AAFP Commits to Addressing Opioid Crisis

Wednesday, May 11, 2016

Statement attributable to:
Wanda Filer, MD, MBA
President, American Academy of Family Physicians

“Opioid abuse is wreaking havoc in families and communities across the United States. That is why family physicians are working hard to balance the need for adequate pain management with the constant awareness that addiction to opioids is a national health crisis.

“The American Academy of Family Physicians is deeply aware of the devastation caused by prescription drug abuse and the resulting deaths. At the same time, we need to address the ongoing need to provide adequate pain management to support patients who require pain relief to function on a daily basis.

“To be clear, opioids are not the first choice for family physicians treating patients with chronic pain. In a 2012 study of AAFP members, four other treatment methods were prescribed or recommended for patients dealing with non-malignant chronic pain before opioids -- physical and occupational therapy, oral NSAIDs, acetaminophen and antidepressants.

“It’s a fact that a growing percentage of the U.S. population uses opioid analgesics for pain control. According to government statistics, sales of opioid pain relievers quadrupled between 1999 and 2013. This is due in large part to the promotion of “pain as the fifth vital sign” begun by the American Pain Society in 1996 and strongly supported by many federal governmental organizations, the Federation of State Medical Boards and the Joint Commission.

“The AAFP recognizes the need for evidence‐based physician education to ensure the safest and most effective use of long‐acting and extended‐release opioids and has long educated our members on the appropriate use of opioids and recognizing the signs of addiction. In 2014, 17,720 active AAFP members took a minimum of 133,885 hours of continuing medical education about the use and prescribing of opioid medications. This averages 7.6 hours of education on this topic by member. And we are working to increase that number by providing additional pain management and opioid abuse educational opportunities to our members and others.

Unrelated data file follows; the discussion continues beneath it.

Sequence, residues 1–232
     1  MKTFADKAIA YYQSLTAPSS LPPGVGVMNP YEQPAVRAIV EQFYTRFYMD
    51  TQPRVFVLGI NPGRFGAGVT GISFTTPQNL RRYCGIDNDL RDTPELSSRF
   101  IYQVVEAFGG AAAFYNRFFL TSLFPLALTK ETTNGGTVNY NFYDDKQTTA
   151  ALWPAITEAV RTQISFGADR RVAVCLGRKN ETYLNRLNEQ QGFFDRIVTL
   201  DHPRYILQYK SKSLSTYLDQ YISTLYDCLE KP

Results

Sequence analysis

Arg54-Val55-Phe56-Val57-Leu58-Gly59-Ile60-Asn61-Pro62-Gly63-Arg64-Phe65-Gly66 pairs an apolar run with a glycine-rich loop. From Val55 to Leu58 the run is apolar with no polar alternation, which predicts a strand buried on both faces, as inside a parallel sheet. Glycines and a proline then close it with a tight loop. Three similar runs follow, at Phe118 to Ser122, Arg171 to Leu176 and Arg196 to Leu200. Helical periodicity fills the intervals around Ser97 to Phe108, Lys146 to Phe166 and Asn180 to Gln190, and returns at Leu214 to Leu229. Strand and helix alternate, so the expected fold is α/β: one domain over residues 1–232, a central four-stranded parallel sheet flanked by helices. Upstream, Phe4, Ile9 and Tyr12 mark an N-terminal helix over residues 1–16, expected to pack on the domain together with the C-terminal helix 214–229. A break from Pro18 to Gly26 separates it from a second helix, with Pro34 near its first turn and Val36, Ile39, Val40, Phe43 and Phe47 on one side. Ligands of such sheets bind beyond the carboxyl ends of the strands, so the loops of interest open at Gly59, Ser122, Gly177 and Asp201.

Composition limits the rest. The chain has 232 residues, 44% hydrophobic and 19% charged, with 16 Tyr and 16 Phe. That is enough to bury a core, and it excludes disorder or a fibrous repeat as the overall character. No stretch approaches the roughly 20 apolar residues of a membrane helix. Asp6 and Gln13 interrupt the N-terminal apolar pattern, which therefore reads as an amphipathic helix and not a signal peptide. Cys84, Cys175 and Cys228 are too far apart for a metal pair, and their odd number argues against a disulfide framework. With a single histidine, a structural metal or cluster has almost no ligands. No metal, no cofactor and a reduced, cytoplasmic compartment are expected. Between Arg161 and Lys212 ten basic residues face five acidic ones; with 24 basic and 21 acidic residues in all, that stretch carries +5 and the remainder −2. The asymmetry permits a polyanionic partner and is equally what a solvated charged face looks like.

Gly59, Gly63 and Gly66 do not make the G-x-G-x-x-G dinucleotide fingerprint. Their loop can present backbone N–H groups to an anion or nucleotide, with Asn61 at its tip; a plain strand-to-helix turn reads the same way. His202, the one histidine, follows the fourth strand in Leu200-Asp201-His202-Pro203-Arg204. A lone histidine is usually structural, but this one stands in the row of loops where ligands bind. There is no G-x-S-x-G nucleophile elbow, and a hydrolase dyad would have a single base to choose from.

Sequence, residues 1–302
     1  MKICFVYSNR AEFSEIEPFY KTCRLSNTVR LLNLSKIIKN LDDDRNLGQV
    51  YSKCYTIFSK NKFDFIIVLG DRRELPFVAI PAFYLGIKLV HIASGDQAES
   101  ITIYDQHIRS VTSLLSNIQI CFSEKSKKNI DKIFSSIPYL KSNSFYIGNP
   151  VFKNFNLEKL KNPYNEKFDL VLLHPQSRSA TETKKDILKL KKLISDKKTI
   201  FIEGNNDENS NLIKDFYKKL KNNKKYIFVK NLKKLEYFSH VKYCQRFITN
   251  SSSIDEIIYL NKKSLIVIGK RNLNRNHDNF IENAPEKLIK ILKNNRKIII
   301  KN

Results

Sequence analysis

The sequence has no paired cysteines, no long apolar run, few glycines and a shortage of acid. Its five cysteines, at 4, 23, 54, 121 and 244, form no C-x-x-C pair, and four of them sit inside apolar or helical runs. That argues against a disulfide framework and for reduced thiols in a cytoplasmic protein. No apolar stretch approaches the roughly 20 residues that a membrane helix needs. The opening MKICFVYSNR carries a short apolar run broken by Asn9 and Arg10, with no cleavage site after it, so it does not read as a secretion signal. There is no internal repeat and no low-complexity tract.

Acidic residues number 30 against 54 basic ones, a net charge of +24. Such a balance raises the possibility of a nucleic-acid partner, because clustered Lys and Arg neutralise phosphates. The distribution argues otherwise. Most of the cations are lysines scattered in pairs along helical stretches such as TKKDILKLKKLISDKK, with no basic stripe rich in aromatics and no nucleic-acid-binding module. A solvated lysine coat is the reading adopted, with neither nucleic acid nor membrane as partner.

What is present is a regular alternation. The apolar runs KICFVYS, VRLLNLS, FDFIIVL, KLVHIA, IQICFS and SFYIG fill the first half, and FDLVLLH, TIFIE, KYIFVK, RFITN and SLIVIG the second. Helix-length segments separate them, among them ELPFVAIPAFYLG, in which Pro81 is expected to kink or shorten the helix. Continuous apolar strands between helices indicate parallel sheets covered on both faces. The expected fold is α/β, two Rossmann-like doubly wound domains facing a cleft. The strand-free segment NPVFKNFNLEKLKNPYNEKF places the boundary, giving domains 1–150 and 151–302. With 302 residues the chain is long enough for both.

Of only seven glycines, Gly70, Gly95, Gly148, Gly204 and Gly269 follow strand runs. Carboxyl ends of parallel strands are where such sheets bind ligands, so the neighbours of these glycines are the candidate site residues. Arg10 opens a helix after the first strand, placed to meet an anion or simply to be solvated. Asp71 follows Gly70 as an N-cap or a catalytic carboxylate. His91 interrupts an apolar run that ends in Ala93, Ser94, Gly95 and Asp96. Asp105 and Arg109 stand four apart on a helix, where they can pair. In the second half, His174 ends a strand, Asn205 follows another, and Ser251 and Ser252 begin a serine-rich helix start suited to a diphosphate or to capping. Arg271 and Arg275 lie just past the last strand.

“The AAFP also works closely with other organizations to combat the scourge of opioid abuse -- the White House and the Department of Health and Human Services, the AMA Task Force to Reduce Opioid Abuse, and the CDC to name a few.

Opioid abuse is destroying the fabric of the lives of too many of our patients, their families and their communities. Family physicians are committed to being a part of the solution to help slow this devastating epidemic. We must be supported in our efforts to balance pain relief with a desire to always do no harm.

Editor's Note: To arrange an interview with Dr. Filer, contact Leslie Champlin, 800-274-2237, Ext. 6252, or lchampli@aafp.org.

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Founded in 1947, the American Academy of Family Physicians represents 136,700 physicians and medical students nationwide, and it is the only medical society devoted solely to primary care.

Family physicians conduct approximately one in five of the total medical office visits in the United States per year – more than any other specialty. Family physicians provide comprehensive, evidence-based, and cost-effective care dedicated to improving the health of patients, families and communities. Family medicine’s cornerstone is an ongoing and personal patient-physician relationship where the family physician serves as the hub of each patient’s integrated care team. More Americans depend on family physicians than on any other medical specialty.

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